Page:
Tuesday, December 14, 2010

Save the Freep Building!


I love it when we can save old buildings and make them useful again. I think future generations will thank us for it. Today's MEGA announcement was filled with brownfield redevelopment projects, two of which I had shot before in my travels because I thought the buildings looked cool. I'm not sure what the inside of the Freep building above looks like, but the outside is pretty ornate, as most of those old buildings are. They designed with some style back in the day, and featured decoration that would cost an absolute fortune to produce now. From the Wiki page:

The Detroit Free Press Building is a building designed by architect Albert Kahn and constructed in downtown Detroit, Michigan, in 1924 and completed a year later.

The high-rise building has two basement floors, and 14 floors above the ground, for a total of 16 floors. The building features Art Deco architecture style, and incorporates a great deal of limestone into its materials. Its design features stepped massing in the central tower and flanking wings. The building is adorned with bas-relief figures, sculpted by Ulysses A. Ricci, symbolizing commerce and communication.

Today, they received a state credit that will help clear the way for development. And that means jobs, both now and in the future.

Among the Detroit-area projects is the redevelopment of the former Detroit Free Press building in downtown Detroit by Free Press Holdings, LLC. That project will receive a $10 million state brownfield credit, and $443,000 in state and local tax revenue. The $73.2 million renovation will create first floor retail and restaurants, commercial space and apartment space in the second through 13th floors. It’s expected to create 211 new jobs.

The other I had a shot of is the Knapp's Building in Lansing. It sounds like they have been trying to do something with this one for years - and get this - the outcome of this situation may be dependent on the tax bill in Congress.

knappsBut at least one - the Knapp's project - needs several other financial components to fall into place before construction can begin.

The renovation of the former J.W. Knapp's department store, owned by East Lansing-based Eyde Co., got a $4.9 million boost from the Michigan Economic Growth Authority board in the form of a brownfield redevelopment tax credit.

The $36.4 million project will turn the dilapidated downtown landmark at 300 S. Washington Ave. into a building with retail and commercial sites on the lower floors and residential space on the fifth floor. Once complete, the structure's tenants are expected to employ approximately 200 people.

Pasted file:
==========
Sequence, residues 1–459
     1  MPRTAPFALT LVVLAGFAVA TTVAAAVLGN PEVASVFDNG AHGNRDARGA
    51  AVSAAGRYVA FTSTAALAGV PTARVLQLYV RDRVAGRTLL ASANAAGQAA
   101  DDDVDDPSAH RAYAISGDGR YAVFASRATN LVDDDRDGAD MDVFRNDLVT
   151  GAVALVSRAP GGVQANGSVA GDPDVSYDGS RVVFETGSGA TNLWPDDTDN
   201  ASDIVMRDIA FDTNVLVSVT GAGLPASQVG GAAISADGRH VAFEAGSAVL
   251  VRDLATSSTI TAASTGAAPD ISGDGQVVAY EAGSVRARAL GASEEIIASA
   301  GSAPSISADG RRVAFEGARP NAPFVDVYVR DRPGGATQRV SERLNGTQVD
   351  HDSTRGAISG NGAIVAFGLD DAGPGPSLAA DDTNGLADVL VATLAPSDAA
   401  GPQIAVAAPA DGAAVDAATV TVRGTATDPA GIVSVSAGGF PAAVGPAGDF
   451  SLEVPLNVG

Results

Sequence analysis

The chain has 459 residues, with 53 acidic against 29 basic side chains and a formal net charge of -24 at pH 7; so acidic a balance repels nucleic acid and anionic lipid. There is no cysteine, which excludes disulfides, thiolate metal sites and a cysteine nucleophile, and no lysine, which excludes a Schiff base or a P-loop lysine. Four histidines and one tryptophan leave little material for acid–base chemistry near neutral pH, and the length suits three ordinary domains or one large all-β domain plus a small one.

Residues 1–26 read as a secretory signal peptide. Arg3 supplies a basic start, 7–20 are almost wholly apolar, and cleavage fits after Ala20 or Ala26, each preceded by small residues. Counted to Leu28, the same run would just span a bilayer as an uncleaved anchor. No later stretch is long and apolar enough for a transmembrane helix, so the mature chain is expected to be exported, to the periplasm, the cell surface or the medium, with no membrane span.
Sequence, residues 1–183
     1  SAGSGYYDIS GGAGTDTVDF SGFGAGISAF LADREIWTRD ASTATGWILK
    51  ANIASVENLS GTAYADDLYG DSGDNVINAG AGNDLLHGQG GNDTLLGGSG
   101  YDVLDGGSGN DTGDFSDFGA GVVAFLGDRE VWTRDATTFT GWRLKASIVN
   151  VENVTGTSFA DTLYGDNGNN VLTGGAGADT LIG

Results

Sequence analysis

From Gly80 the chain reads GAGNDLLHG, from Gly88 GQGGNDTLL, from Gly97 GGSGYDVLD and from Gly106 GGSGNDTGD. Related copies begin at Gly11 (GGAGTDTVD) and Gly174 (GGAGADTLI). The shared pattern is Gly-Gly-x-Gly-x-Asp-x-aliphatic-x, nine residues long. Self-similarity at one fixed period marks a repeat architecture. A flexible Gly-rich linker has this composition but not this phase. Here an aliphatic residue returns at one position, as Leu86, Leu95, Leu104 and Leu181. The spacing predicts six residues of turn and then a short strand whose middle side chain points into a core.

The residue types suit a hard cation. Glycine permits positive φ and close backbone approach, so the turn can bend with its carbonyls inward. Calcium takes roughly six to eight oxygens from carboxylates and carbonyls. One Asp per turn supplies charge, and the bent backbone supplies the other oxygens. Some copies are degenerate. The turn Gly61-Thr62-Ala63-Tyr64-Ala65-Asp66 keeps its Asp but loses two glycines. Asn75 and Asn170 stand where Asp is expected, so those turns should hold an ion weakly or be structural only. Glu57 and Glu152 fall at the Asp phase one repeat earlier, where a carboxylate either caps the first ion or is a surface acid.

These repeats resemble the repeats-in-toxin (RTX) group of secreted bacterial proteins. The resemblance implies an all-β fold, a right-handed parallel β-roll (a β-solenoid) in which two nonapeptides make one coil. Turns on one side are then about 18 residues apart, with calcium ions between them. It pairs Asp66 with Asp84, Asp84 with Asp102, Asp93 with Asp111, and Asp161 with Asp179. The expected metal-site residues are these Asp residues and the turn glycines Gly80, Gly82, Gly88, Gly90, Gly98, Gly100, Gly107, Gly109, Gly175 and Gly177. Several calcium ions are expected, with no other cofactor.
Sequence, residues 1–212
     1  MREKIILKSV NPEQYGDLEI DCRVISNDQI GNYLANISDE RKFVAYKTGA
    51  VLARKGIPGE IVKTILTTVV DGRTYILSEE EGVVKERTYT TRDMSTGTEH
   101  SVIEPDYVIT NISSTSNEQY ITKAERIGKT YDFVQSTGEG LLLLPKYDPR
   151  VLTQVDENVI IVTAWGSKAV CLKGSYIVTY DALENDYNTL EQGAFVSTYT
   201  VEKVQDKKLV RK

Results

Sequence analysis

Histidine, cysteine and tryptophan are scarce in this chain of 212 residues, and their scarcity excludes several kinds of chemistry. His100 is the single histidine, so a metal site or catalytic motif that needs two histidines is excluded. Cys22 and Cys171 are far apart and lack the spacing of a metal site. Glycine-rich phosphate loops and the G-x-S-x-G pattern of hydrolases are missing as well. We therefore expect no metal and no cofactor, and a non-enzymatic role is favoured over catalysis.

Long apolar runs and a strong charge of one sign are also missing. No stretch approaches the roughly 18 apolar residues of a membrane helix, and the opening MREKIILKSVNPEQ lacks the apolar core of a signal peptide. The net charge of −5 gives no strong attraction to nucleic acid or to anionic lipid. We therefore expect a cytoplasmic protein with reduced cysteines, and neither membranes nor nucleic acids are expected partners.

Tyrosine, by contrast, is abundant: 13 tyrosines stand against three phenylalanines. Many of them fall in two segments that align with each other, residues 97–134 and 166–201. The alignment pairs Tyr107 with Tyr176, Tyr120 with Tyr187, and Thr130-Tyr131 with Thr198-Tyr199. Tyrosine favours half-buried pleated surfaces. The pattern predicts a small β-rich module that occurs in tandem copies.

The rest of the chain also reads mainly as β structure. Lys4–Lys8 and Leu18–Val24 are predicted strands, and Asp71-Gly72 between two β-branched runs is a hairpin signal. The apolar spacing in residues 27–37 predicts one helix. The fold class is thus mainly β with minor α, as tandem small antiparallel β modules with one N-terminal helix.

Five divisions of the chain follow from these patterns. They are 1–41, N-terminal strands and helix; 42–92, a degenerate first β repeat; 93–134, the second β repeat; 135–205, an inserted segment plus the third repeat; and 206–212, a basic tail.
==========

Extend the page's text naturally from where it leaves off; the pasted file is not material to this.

Mark Clouse, chief financial officer and general counsel for Eyde Co., said more financial backing must be secured before construction can begin. The company is reapplying for a $2 million grant from the federal Housing and Urban Development office and hopes to get a New Market Tax Credit from the federal government as well.

The New Market credit is anticipated to be part of the tax bill currently before Congress.

Doh! Well, if it doesn't happen, I hope that the developers can find other ways to finance this. My picture of it doesn't do it justice.

Sometimes brownfield projects include demolition too. Today's MEGA announcement tears down buildings in Detroit and Grand Rapids that are obsolete. But there are others, such as a low-income housing project in Detroit and the School for the Deaf in Flint, that are slated for renovation along with the ones featured above, and also some cleanup and development on vacant lots which will bring new business and jobs when they are done. Helps with the urban blight issue, to be sure.

The grand total on today's MEDC announcement - Gov. Granholm's last shot before Snyder does whatever he is going to do - was 11 brownfield redevelopment projects in Lansing, Detroit, Grand Rapids, Flint and Hamtramck, which will generate over $406 million in new investment and create and retain 1,401 jobs, and six companies, with $69.6 million in investment that create 1,596 total new jobs in the state. Not a bad haul for the day. You can read all the details on the projects and the companies involved here.

Thanks go out to the Governor, to MEDC CEO Greg Main, and to everyone at the Michigan Economic Development Corporation for all your hard work over the past eight years. Ya done good. I hope that our new governor appreciates the importance of these efforts and keeps on with the program - if he doesn't, there are many, many other states that will be happy to take our place.